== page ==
Natural Plasmodium infections in Brazilian wild monkeys: reservoirs for human infections?
Duarte, Ana Maria Ribeiro de Castro
Malafronte, Rosely dos Santos
Cerutti Jr, Crispim
Paiva, Byanca Regina de
Maeda, Adriana Yurika
Summa, Maria Eugênia Laurito
Neves, Dafne do Valle Dutra de Andrade
Oliveira, Salma Gomes de
Gomes, Almério de Castro
Four hundred and forty-eight samples of total blood from wild monkeys living in areas where human autochthonous malaria cases have been reported were screened for the presence of Plasmodium using microscopy and PCR analysis. Samples came from the following distinct ecological areas of Brazil: Atlantic forest (N = 140), semideciduous Atlantic forest (N = 257) and Cerrado (a savannah-like habitat) (N = 51). Thick and thin blood smears of each specimen were examined and Plasmodium infection was screened by multiplex polymerase chain reaction (multiplex PCR). The frequency of Plasmodium infections detected by PCR in Alouatta guariba clamitans in the São Paulo Atlantic forest was 11.3% or 8/71 (5.6% for Plasmodium malariae and 5.6% for Plasmodium vivax) and one specimen was positive for Plasmodium falciparum (1.4%); Callithrix sp. (N = 30) and Cebus apella (N = 39) specimens were negative by PCR tests. Microscopy analysis was negative for all specimens from the Atlantic forest. The positivity rate for Alouatta caraya from semideciduous Atlantic forest was 6.8% (16/235) in the PCR tests (5.5, 0.8 and 0.4% for P. malariae, P. falciparum and P. vivax, respectively), while C. apella specimens were negative. Parasitological examination of the samples using thick smears revealed Plasmodium sp. infections in only seven specimens, which had few parasites (3.0%). Monkeys from the Cerrado (a savannah-like habitat) (42 specimens of A. caraya, 5 of Callithrix jacchus and 4 of C. apella) were negative in both tests. The parasitological prevalence of P. vivax and P. malariae in wild monkeys from Atlantic forest and semideciduous Atlantic forest and the finding of a positive result for P. falciparum in Alouatta from both types of forest support the hypothesis that monkeys belonging to this genus could be a potential reservoir. Furthermore, these findings raise the question of the relationship between simian and autochthonous human malaria in extra-Amazonian regions.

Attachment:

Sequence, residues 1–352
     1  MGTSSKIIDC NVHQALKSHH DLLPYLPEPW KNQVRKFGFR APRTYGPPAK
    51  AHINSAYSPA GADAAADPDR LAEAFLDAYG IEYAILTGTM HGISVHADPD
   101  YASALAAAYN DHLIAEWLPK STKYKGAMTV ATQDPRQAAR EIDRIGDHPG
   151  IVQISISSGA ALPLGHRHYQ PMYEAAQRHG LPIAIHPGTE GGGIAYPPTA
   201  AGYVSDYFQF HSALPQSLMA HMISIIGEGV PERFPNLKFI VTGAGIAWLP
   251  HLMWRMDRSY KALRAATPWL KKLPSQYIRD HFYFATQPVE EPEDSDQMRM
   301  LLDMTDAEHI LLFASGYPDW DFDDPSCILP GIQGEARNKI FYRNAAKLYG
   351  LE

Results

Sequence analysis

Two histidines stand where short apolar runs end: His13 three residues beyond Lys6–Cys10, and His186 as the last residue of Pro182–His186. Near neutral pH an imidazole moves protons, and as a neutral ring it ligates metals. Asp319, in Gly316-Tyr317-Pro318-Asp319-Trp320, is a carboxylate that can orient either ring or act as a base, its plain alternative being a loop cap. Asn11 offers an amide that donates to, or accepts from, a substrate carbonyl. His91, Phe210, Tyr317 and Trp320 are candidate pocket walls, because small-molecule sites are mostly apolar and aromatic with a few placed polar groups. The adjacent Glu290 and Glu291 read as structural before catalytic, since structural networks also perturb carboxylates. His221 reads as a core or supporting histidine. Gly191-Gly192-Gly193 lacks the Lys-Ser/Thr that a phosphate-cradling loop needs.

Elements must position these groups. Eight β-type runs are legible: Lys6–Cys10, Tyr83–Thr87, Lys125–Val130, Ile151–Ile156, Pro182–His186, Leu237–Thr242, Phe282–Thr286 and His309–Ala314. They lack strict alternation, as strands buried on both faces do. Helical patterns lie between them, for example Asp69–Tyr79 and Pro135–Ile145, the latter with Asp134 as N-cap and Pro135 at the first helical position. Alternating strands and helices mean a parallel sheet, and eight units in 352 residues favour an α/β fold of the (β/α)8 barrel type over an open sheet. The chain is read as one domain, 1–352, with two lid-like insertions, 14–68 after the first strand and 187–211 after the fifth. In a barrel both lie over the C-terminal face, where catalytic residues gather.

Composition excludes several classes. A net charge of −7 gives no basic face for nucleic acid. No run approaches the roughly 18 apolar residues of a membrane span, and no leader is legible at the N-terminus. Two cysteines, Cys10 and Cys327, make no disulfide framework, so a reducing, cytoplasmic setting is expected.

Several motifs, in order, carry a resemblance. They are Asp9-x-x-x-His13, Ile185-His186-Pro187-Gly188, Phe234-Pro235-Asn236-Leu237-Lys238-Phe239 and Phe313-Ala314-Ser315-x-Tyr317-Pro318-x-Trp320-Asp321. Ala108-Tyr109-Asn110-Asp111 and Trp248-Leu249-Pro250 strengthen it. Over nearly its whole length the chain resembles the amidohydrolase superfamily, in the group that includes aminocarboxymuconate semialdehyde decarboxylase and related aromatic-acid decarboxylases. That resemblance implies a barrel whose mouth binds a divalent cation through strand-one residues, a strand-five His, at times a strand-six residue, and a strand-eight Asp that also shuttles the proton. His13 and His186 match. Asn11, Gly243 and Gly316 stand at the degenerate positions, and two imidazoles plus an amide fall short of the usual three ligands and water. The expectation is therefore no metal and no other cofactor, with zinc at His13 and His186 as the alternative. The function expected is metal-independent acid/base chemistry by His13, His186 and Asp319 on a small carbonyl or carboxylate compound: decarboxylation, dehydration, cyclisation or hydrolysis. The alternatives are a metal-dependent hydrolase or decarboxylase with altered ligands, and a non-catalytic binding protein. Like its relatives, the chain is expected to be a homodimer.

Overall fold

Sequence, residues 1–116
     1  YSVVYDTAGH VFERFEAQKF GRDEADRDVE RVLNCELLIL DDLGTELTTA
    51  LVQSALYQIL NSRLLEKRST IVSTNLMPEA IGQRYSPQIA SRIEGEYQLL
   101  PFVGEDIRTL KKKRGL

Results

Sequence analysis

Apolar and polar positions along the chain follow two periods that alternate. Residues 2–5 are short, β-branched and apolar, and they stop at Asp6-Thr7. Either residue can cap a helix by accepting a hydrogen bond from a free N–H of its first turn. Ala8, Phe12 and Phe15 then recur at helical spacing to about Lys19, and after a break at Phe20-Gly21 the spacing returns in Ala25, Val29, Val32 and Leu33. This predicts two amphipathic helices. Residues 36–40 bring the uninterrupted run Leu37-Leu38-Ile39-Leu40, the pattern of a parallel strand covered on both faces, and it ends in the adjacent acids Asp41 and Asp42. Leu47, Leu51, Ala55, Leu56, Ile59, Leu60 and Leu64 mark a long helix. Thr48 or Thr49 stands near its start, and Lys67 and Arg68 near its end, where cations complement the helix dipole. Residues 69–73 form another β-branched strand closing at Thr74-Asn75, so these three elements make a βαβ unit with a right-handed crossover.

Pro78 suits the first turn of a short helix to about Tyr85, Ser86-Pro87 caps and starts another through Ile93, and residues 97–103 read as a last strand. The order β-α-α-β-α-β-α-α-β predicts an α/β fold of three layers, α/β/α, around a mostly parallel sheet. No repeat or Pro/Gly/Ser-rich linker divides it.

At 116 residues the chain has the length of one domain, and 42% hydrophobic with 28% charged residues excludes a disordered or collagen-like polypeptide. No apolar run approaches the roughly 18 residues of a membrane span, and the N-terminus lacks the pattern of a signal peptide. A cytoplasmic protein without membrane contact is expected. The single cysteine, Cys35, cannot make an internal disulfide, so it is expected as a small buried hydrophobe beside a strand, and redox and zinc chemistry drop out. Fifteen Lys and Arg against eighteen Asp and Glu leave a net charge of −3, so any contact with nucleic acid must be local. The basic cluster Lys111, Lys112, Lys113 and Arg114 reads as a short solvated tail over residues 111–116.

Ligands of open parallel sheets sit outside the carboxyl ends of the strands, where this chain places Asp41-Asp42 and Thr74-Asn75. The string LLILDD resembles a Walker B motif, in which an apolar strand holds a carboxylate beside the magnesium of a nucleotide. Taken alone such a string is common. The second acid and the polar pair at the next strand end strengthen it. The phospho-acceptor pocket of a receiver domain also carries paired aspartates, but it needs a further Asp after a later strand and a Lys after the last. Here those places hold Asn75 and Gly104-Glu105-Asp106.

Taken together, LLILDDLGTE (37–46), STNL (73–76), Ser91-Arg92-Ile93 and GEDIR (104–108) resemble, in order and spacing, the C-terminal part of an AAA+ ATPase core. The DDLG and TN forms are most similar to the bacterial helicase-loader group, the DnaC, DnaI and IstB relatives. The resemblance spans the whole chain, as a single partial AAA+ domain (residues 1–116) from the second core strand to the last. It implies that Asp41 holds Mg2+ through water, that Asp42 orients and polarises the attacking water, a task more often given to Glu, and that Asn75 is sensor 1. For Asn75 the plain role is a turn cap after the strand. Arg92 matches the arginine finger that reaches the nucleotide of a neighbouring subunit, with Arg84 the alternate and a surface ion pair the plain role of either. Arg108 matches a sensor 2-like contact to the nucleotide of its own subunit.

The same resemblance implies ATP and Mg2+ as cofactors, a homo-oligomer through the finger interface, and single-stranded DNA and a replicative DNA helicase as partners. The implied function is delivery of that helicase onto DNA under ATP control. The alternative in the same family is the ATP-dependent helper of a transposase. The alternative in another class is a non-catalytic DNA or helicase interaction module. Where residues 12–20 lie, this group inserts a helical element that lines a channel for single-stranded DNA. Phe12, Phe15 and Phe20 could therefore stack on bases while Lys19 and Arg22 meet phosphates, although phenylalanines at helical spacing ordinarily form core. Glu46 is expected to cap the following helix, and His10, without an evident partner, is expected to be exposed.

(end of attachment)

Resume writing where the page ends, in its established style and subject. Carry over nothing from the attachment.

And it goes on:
xmlui.dri2xhtml.METS-1.0.item-citationDUARTE, Ana Maria Ribeiro de Castro et al. Natural Plasmodium infections in Brazilian wild monkeys: reservoirs for human infections?. Acta Tropica, v. 107, n. 2, p. 179-185, May 2008.
xmlui.dri2xhtml.METS-1.0.item-decsPrimaryMalária / epidemiologia
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